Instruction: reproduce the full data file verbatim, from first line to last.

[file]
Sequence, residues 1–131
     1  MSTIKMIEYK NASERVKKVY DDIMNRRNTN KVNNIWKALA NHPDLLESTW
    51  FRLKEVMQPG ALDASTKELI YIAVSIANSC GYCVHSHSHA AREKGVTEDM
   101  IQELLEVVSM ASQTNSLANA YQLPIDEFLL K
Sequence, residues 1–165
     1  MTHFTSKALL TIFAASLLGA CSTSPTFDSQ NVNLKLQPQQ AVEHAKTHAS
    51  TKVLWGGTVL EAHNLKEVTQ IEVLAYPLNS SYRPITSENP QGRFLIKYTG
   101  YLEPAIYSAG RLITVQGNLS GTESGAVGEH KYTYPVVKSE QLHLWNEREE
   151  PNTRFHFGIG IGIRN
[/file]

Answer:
Sequence, residues 1–131
     1  MSTIKMIEYK NASERVKKVY DDIMNRRNTN KVNNIWKALA NHPDLLESTW
    51  FRLKEVMQPG ALDASTKELI YIAVSIANSC GYCVHSHSHA AREKGVTEDM
   101  IQELLEVVSM ASQTNSLANA YQLPIDEFLL K
Sequence, residues 1–165
     1  MTHFTSKALL TIFAASLLGA CSTSPTFDSQ NVNLKLQPQQ AVEHAKTHAS
    51  TKVLWGGTVL EAHNLKEVTQ IEVLAYPLNS SYRPITSENP QGRFLIKYTG
   101  YLEPAIYSAG RLITVQGNLS GTESGAVGEH KYTYPVVKSE QLHLWNEREE
   151  PNTRFHFGIG IGIRN